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I need to store and analyze employee's work time.

Currently, I've developed this table structure

CREATE TABLE `hirefire` (
  `id` int(10) unsigned NOT NULL AUTO_INCREMENT,
  `employeeid` int(10) unsigned NOT NULL,
  `hired` date NOT NULL,
  `fired` date DEFAULT NULL,
  `firereason` enum('fired','left','parental','vacation','death') COLLATE utf8_bin DEFAULT NULL,
  PRIMARY KEY (`id`),
  KEY `hired` (`hired`),
  KEY `fired` (`fired`),
  KEY `employee` (`employeeid`)
) ENGINE=InnoDB DEFAULT CHARSET=utf8 COLLATE=utf8_bin

The fields employeeid, hired, and fired are self-explanatory (fired may be NULL when a person was hired but not yet fired).

firereason:

  • 'fired' - forced to be fired by the boss
  • 'left' - left job by his own will
  • 'parental' - parental leave
  • 'vacation' - his non-paid vacation
  • 'death' - he or she died

This my table scheme may be (I think) good to check whether a given employee is listed as working at least a day in a given month (BTW, an SQL code for this would be appreciated),

But now a complexity comes out:

We will also need to be able to count employee's total working years. Note that parental leave and non-paid vacations should be not subtracted from the working years. This time my database structure goes non convenient for this kind of calculation.

Which DB structure would you suggest to use? (Is my (above) variant is the best structure for these tasks, or can it be improved?)

What's about allocating a whole DB row for every hire/fire event (that is having a separate row for hire data and fire date not one the same row for paired fire/hire)? For which tasks this would be better and for which worse?

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1 Answer 1

Perhaps naming the columns "hired" and "fired" instead "start_date","end_date" would be more accurate, because a person in vacation hasn't been fired, and indeed is still employed. Same with "firereason", which is misleading, a simple "reason" would be more accurate.

SELECT employeeid,       
       SUM(      
           DATEDIFF(
             IF(end_date IS NULL,CURRENT_DATE,end_date),
                start_date))/365 AS "Years worked" 
FROM hirefire 
WHERE (firereason IS NULL 
    OR firereason = 'death'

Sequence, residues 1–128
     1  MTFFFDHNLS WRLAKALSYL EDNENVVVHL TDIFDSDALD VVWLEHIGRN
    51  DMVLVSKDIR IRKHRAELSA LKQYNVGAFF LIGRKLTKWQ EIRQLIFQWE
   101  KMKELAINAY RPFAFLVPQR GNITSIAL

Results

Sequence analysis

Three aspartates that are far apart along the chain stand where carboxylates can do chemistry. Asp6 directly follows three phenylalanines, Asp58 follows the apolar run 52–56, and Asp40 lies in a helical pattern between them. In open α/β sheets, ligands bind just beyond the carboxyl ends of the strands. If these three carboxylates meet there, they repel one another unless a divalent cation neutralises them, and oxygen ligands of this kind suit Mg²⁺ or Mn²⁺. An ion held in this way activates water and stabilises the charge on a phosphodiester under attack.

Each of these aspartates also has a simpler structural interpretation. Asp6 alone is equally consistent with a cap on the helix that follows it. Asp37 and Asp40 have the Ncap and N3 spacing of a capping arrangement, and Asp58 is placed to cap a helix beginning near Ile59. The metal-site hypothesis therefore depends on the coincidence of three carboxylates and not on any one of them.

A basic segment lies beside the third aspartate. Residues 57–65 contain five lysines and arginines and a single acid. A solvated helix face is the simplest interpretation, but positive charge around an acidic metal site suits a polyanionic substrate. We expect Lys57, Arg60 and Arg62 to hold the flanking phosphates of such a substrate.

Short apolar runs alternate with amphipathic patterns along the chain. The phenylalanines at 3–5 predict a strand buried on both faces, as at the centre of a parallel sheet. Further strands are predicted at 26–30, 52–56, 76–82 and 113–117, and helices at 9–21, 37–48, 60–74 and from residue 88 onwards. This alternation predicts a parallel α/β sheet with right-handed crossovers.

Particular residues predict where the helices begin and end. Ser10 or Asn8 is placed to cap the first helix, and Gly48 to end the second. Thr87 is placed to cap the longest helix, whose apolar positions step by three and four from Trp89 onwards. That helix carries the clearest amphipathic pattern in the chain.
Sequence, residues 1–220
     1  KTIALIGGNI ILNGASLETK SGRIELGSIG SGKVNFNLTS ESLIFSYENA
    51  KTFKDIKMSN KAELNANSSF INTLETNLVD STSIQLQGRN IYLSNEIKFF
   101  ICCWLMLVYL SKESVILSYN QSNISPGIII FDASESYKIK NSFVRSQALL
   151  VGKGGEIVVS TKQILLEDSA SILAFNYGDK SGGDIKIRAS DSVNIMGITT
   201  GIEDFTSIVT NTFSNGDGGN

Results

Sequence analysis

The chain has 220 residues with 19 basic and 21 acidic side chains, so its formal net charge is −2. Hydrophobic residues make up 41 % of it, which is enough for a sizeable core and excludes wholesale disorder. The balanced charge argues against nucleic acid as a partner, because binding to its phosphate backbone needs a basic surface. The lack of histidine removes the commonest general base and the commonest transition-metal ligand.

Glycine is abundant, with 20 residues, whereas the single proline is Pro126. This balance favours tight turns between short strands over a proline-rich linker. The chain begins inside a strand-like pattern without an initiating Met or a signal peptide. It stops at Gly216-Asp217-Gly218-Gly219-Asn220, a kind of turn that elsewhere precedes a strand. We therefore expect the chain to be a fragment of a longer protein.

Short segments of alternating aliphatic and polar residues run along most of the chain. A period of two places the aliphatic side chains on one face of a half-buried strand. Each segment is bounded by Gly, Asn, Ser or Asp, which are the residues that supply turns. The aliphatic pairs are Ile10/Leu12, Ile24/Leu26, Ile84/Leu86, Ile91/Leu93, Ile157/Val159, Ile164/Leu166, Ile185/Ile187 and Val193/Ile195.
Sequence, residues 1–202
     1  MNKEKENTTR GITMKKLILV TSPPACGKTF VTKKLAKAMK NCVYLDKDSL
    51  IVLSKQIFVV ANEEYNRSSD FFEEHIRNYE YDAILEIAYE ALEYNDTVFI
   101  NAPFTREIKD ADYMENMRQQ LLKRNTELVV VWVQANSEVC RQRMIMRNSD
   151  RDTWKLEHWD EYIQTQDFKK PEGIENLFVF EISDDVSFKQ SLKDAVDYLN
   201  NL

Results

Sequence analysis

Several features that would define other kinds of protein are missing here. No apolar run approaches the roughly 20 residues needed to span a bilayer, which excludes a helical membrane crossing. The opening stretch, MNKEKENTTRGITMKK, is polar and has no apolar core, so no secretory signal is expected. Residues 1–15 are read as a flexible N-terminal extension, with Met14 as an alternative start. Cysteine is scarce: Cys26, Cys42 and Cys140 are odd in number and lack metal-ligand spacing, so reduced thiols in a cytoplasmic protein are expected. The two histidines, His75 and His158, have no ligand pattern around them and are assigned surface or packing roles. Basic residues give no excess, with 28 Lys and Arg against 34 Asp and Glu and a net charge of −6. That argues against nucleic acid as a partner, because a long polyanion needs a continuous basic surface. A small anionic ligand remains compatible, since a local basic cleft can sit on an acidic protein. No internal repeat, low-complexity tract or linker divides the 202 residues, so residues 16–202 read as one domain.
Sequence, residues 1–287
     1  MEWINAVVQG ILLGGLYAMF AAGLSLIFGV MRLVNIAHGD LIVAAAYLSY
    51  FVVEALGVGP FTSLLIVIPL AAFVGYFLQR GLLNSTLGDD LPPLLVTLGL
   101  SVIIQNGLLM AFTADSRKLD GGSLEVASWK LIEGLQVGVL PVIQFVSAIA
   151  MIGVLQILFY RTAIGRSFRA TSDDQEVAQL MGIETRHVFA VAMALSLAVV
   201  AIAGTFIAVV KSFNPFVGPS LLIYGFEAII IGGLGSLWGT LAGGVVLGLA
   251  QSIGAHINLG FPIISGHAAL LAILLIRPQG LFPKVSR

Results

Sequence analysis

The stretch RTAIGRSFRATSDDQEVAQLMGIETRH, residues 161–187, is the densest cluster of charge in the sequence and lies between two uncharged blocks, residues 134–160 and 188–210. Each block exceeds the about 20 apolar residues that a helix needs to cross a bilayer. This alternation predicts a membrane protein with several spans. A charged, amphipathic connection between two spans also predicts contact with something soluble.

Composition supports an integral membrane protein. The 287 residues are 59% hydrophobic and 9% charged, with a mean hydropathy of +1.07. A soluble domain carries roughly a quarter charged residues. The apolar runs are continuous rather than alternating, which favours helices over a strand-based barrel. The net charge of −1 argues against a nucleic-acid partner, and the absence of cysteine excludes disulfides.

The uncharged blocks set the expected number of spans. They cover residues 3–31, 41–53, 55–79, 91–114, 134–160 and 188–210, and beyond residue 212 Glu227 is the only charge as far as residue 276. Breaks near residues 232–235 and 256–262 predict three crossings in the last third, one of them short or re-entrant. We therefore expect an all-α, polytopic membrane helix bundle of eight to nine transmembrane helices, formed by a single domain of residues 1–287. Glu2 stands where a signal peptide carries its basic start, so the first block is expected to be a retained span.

OR firereason = 'left'
    OR firereason = 'fired') 
GROUP BY employeeid;

For example:

mysql> select * from hirefire;
+----+------------+------------+------------+------------+
| id | employeeid | start_date | end_date   | firereason |
+----+------------+------------+------------+------------+
|  1 |       1234 | 2013-01-01 | 2013-08-01 | death      |
|  2 |       1234 | 2013-02-01 | 2013-06-01 | parental   |
|  3 |       2345 | 2012-07-01 | NULL       | NULL       |
|  4 |       2345 | 2012-08-01 | 2012-09-01 | vacation   |
|  5 |       3456 | 2009-01-01 | NULL       | NULL       |
+----+------------+------------+------------+------------+

gives the result:

+------------+--------------+
| employeeid | Years worked |
+------------+--------------+
|       1234 |       0.5808 |
|       2345 |       1.0904 |
|       3456 |       4.5890 |
+------------+--------------+

Dividing by 365 is slightly incorrect, because it doesn't take the leap years into account.

Another problem with this answer is, that overlapping hire/fire periods are ignored. For example, if an employee was employed at 50% time from Aug to Dec, and additionally at 30% time just in Dec, the query would fail - but you don't take percentage into account anyway, so I assumed that the employment times don't overlap. This has been confirmed by the original poster.

For more date functions, review the documentation: http://dev.mysql.com/doc/refman/5.1/en/date-and-time-functions.html

The different date/time functions will also help you answer your other SQL question.

share|improve this answer
    
Your SQL statement is wrong. Consider for example one hired 2013-01-01, gone parental 2013-02-01, returned 2013-06-01 and worked until his death in 2013-08-01 –  porton Aug 2 '13 at 11:26
    
@porton The SQL statement was indeed wrong, as I needed to group by employee id instead of the incrementing id column. I corrected it in the table. Otherwise, I don't understand why it wouldn't work, added a specific example to the answer. Could you please be more specific? –  Ursula Aug 2 '13 at 17:58
    
OK, suppose the table has only one row which is with parental leave (with returning date of the employee not yet known). Then your SQL code will count it like zero (actually NULL) time of work, what is very wrong –  porton Aug 3 '13 at 11:46
    
Overlapping fire/hire should not happen –  porton Aug 3 '13 at 11:55
    
Your scenario about the parental leave is not defined correctly - if the employee is currently on parental leave, that employee has to have been hired before, thus there should be two rows. Additionally, you asked that the parental and vacation entries should get ignored. I revised my answer to add a couple of employees that are still employed, and set the end_date for the sake of calculation to the current date. –  Ursula Aug 3 '13 at 20:44

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